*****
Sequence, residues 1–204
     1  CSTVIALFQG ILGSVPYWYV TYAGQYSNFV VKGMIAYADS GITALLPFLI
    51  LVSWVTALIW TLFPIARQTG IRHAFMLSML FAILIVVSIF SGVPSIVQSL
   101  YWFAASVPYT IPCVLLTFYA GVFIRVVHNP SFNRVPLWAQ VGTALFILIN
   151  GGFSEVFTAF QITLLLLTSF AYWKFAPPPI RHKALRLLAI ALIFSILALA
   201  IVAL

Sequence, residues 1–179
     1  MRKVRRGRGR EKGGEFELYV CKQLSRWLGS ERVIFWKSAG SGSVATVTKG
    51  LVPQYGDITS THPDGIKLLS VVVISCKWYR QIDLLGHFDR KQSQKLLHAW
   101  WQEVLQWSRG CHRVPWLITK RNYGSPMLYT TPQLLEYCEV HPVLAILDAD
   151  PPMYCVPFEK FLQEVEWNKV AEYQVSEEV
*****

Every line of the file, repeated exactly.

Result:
Sequence, residues 1–204
     1  CSTVIALFQG ILGSVPYWYV TYAGQYSNFV VKGMIAYADS GITALLPFLI
    51  LVSWVTALIW TLFPIARQTG IRHAFMLSML FAILIVVSIF SGVPSIVQSL
   101  YWFAASVPYT IPCVLLTFYA GVFIRVVHNP SFNRVPLWAQ VGTALFILIN
   151  GGFSEVFTAF QITLLLLTSF AYWKFAPPPI RHKALRLLAI ALIFSILALA
   201  IVAL

Sequence, residues 1–179
     1  MRKVRRGRGR EKGGEFELYV CKQLSRWLGS ERVIFWKSAG SGSVATVTKG
    51  LVPQYGDITS THPDGIKLLS VVVISCKWYR QIDLLGHFDR KQSQKLLHAW
   101  WQEVLQWSRG CHRVPWLITK RNYGSPMLYT TPQLLEYCEV HPVLAILDAD
   151  PPMYCVPFEK FLQEVEWNKV AEYQVSEEV